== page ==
The Polyphonic Spree – Together We’re Heavy

Choral pop evangelists return. Lightning doesn't strike twice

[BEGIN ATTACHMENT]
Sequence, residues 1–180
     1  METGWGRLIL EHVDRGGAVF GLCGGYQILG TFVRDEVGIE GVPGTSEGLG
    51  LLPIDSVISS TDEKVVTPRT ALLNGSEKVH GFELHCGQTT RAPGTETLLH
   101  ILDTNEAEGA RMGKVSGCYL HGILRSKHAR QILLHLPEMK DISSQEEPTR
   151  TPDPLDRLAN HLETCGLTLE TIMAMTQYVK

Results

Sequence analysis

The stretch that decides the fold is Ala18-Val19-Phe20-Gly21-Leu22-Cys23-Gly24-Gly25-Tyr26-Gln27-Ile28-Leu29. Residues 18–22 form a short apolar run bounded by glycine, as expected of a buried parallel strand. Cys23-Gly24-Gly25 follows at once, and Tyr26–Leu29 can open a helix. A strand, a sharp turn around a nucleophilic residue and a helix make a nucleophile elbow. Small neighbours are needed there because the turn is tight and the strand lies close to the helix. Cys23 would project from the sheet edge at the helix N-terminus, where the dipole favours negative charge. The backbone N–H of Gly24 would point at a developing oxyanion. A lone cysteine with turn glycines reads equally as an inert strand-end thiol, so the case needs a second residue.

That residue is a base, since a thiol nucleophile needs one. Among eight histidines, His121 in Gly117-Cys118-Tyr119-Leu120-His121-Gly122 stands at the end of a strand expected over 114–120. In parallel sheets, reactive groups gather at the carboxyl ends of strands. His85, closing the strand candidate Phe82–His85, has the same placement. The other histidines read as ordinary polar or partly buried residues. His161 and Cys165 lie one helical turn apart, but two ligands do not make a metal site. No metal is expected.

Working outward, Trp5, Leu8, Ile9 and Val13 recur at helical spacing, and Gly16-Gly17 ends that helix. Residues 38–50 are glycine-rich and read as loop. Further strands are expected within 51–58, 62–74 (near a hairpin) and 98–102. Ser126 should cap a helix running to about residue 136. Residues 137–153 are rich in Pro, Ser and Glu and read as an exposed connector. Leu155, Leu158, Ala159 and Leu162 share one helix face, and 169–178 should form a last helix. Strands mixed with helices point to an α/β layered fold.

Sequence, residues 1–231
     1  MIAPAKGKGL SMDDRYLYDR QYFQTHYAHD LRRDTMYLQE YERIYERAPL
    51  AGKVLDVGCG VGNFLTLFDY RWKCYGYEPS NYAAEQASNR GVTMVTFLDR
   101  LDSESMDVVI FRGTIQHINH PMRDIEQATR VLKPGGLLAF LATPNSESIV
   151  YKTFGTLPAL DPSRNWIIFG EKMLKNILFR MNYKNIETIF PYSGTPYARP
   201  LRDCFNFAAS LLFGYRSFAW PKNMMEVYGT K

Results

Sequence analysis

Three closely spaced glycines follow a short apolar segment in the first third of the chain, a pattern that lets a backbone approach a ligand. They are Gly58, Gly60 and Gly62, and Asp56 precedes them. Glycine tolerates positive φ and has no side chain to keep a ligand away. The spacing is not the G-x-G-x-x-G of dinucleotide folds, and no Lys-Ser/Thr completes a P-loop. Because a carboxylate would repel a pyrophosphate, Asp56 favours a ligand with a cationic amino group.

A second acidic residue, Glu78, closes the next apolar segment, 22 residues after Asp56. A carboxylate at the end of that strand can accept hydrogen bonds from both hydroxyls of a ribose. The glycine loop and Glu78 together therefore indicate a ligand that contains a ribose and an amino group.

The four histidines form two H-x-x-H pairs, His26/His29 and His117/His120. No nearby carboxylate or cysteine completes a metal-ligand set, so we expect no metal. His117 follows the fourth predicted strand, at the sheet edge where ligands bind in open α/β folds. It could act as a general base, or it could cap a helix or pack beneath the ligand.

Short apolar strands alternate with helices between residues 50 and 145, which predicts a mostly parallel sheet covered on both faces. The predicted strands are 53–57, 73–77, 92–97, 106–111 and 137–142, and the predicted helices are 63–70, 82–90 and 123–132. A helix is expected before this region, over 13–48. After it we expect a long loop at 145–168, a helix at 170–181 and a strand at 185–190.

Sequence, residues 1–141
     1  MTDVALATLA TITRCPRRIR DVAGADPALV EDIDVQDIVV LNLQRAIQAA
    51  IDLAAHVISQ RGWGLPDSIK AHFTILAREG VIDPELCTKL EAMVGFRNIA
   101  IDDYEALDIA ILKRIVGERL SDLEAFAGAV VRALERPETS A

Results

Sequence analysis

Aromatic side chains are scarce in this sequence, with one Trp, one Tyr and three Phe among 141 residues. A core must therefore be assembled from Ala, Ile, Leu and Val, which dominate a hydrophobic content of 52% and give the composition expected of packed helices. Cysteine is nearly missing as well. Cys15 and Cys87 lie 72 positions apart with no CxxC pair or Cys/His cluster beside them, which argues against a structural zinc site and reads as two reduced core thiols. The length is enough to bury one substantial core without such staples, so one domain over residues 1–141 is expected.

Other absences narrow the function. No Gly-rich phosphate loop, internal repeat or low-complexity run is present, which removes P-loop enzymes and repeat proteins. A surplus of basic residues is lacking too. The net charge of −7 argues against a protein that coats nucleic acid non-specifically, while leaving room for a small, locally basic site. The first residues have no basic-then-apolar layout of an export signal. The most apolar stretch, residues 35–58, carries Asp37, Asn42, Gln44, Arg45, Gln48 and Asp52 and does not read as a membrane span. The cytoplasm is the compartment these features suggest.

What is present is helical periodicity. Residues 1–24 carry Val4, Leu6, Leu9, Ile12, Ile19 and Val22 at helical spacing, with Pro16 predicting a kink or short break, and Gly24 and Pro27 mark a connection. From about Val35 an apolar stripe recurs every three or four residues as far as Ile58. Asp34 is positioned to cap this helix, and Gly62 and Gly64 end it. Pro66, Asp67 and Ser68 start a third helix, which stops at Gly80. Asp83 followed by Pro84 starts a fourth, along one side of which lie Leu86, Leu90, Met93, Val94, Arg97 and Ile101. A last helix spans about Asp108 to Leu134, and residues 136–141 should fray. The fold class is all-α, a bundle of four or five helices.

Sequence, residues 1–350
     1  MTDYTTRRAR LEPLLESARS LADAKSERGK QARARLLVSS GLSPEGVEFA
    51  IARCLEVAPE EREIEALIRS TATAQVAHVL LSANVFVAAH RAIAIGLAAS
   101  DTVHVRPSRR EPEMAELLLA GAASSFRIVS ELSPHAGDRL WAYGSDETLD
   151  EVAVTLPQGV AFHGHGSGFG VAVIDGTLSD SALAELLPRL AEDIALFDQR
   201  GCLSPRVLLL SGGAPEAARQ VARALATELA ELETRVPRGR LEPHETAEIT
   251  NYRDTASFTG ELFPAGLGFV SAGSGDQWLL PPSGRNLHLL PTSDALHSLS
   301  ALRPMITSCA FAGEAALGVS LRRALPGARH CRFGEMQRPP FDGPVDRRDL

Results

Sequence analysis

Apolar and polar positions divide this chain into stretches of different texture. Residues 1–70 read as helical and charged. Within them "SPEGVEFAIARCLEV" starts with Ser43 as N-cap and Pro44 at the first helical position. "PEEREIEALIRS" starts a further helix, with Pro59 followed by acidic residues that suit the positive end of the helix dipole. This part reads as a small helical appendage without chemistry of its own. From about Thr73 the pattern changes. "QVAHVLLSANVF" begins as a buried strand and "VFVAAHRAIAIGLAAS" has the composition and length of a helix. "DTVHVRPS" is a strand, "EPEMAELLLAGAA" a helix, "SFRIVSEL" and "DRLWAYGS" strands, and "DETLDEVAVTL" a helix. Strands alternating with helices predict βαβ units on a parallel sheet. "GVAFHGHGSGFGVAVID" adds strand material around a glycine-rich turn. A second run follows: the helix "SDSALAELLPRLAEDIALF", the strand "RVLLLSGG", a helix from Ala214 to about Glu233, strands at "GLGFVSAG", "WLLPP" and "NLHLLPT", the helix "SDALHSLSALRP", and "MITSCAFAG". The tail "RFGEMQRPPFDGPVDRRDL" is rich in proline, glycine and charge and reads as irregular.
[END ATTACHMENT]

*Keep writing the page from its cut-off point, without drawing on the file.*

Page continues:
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The first Polyphonic Spree album?a daft and rapturous indie-pop-gospel-opera contrived by Tim Delaughter and two dozen of his Dallas disciples?looked like something of a one-off in 2002. Even after massive acclaim, the Spree’s UK label, 679, evidently agreed, dropping them in 2003. Now back on his own Good imprint here, Delaughter’s predictable response has been to go further over the top: Together We’re Heavy is bigger, lusher, more toothsome and glutinous, overdoing the ELO-go-Moonie delirium that made the first album alternately thrilling and creepy. Again, there are great moments, notably older tunes like “Two Thousand Places” and “When The Fool Becomes A King”. But Delaughter is stingier with his pop songs this time, filling out the album with much ponderous, quasi-symphonic ballast. And his muppetish Wayne Coyne impression is now more irritating than winsome. Clearly, extreme joy has its limits as a creative tool.

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